Omar Barboza, President of the Venezuelan Parliament (National Assembly), who was specially invited to the Council to address the critical situation in his country, explained how millions had left Venezuela due to a humanitarian crisis caused by corruption, repression, censorship and a lack of respect for human rights, and called for new, free presidential elections with the presence of impartial international observers. The Council echoed these calls in a resolution on Venezuela. The Council further articulated a position on the situation with regard to democracy and human rights in specific countries, adopting a declaration on Nicaragua and a resolution on Djibouti. A special declaration of recognition for the achievements of President Ibrahim Boubacar Keita of Mali and of support as he stands for re-election in July 2018, was adopted.
Interventions on the third theme, "Responding with our values and principles to migration globally and to the current plight of refugees," included emotive and heartfelt expressions, as successive delegates underlined their support for people on the move in the world today. There was recognition among all that migration has played a vitally important historical role in the development and prosperity of humanity, and continues to be a positive phenomenon. Many speakers touched on the way that language was used to divide migrants into different categories with implicit hierarchies, such as refugee or economic migrant, immigrant or ex-pat. The Council would later adopt a declaration on global migration and the plight of refugees, underlining the fundamental and inalienable human rights of all migrants and the central and positive role of migration in human history.
A report was delivered by the chair of the Ethics Committee, Arianne Fontenelle (PS, Belgium), on the work of the committee. There were currently 41 applications for membership under examination. The Council approved the proposals of the committee to upgrade to full membership the MLPC of Central African Republic and to upgrade from observer to consultative status the Komala Party of Iranian Kurdistan. It agreed to admit the Rasanbleman party of Haiti and the Social Democratic Party of Kyrgyzstan as new full member parties; the PPSF of Palestine and the CPP of Ghana as consultative parties; and the SDPS of Serbia and MSD of Kosovo as observer members. Regarding adherence to the SI’s Ethical Charter, the Council decided that the Ethics Committee would undertake an investigation of compliance by the Fusion of Social Democrats (FSDH, Haiti), and that in the case of the member party in Benin, the chair of the Africa Committee would voluntarily suspend his activities and the next meeting of the regional committee should resolve the question of the chair.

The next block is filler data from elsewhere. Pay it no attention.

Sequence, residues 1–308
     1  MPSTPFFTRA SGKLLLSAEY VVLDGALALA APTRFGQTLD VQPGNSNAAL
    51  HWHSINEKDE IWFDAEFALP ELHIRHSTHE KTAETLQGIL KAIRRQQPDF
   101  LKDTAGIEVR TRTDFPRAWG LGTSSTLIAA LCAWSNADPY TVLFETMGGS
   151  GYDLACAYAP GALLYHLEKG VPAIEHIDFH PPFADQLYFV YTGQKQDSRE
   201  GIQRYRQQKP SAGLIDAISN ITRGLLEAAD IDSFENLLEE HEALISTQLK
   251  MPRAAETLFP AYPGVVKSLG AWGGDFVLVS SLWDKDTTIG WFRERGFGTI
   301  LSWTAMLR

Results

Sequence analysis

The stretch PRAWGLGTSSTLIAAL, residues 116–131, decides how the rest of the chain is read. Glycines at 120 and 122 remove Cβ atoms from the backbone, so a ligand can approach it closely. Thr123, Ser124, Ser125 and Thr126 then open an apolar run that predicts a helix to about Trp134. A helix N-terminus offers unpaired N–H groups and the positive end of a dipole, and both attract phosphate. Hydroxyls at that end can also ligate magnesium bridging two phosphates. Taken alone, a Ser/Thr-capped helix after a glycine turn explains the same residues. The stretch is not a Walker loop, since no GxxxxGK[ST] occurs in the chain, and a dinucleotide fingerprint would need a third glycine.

Maurice Poler (AD, Venezuela), delivered his report as co-chair of the Finance and Administration Committee, reminding member parties of the need to meet their financial obligations to the SI, both to maintain their status and voting rights within the organisation and in order that the SI could continue to deliver a full programme of activities and meet the ambition of its members.
It was agreed that the final composition of the SI Committee on Gender Equality will be confirmed on the occasion of the annual meeting of the SI Presidium to take place at the headquarters of the United Nations in New York in September this year during the high level segment of the General Assembly.
Concluding the Council’s discussions, the SI Secretary General touched on remarks made during the sessions in reference to the SI being the legitimate organisation of the social democrats. He highlighted that the SI held its legitimacy as long as it was consistent with the values and principles that identify our movement, and as long as it was democratically self-governed and financially self-sustained by its members, guaranteeing its autonomy and integrity. The Council, he said, had offered us a route to follow and a mission to move forward our conclusions.